PLAYLIST: Vundabar’s Songs About Cars, Mystery, and Night

Brandon Hagen breaks down the duo’s influences on Either Light, from Robert Smith to Tony Soprano.

This past Friday, Boston duo Vundabar released a relatively somber follow-up to 2018’s cartoonishly over-the-top Smell Smoke, which introduced many of us to their wonky take on post-punk revivalism. While maintaining this distinct sense of personality established over the five years leading up to Smoke, Either Light explores new themes and sounds for the band, incorporating vibraphones and electronic drum loops without quite losing the big funny that made Smell Smoke so instantly gratifying.

The tightening-of-screws that resulted in Either Light, though, wasn’t merely the result of a few years’ maturity—as with any artist featured in FLOOD’s revered PLAYLIST series, Vundabar was heavily inspired by a handful of songwriters musically and lyrically to pursue the seemingly disparate themes of cars, mystery, and night for their newest record. With additional shouts out to Miki Dora and Tony Soprano, vocalist Brandon Hagen details some of the artists who inspired these themes—or reinforced the group’s off-the-wall energy—below.

Either Light is out now via the band’s own GAWK Records. Order it via Rough Trade here.

Bill Callahan, “Riding for the Feeling”

Either Light explores myth and mystery quite a bit, and I spent a lot of time thinking about artists’ roles as creators of myth and myth’s function to contextualize lived experience. This song sort of explores the role of someone who does that, and what that experience is like. 

Songs: Ohia, “Farewell Transmission”

This song is so strong visually. The first line hits, “The whole place is dark,” and you’re pulled into Jason Molina’s dark and expansive environ. When I was writing this record I was thinking about cars, headlights hitting highways at night, and this sort of lingering feeling of dread and exhilaration that those images encapsulate for me. The use of metaphor in this song, as a way to act as placeholder for something that cannot be explicitly expressed, a mystery, is something that I strive for in writing.

Amen Dunes, “Miki Dora”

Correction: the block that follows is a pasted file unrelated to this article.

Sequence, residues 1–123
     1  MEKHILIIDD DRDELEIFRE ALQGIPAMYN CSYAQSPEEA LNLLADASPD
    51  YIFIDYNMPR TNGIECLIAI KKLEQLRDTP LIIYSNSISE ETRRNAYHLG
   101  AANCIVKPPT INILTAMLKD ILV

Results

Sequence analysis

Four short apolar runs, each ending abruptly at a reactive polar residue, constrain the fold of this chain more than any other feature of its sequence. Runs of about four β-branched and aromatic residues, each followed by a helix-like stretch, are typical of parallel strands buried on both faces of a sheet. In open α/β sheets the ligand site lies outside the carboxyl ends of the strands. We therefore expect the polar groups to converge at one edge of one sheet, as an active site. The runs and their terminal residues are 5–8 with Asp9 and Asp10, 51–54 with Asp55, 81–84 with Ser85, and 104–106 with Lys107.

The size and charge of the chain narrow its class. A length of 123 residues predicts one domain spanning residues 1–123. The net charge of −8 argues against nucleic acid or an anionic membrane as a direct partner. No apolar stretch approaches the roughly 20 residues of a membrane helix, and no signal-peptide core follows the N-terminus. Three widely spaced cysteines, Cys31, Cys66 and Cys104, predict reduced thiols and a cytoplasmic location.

The rhythm of this song feels like movement to me. It’s almost like the rhythm of a train chugging. Either Light is about transience, movement, and flux, so expressing that sort of  consistent hum of an engine propelling you forward was important lyrically and musically. Miki Dora is an interesting figure. He’s someone whose pride and ego destroyed him, and I see parallels between him and my muse, Tony Soprano. I also just love the way Amen Dunes emotes. This song makes me cry.

Karen Dalton, “Something’s on Your Mind”

Drew and I listened to a lot of folk and country music while writing this album. Many of these songs have two or three chords and are gut-wrenching. I made a rule for myself to use only two or three chords in a couple songs to prove I was worth my salt

Cate Le Bon, “Home to You”

I love Cate Le Bon. The way she approaches guitar is interesting, and all of her records—as well as everything with DRINKS—was a big inspiration for me.

Mount Kimbie, “Marilyn”

This whole record Love What Survives feels like a ride. It inspired many of the images I had in my head when we started writing.

Sports Team, “Camel Crew”

Sports Team is a great group from the UK. We played with them in Nantes two years ago and I appreciate the wry, dry humor in their music. I see a lot of parallels between us.

Caroline Rose, “Soul No. 5”

Caroline’s songs are kinda funny, kinda melancholic, kinda manic. We bring a similar energy, I think.

Institute, “Salt”

“Salt of the earth, don’t mean shit.” Angry!

The Cure, “Disintegration”

Mr. Robert Smith is a builder of worlds and a songsmith anyone would want to strive to be.


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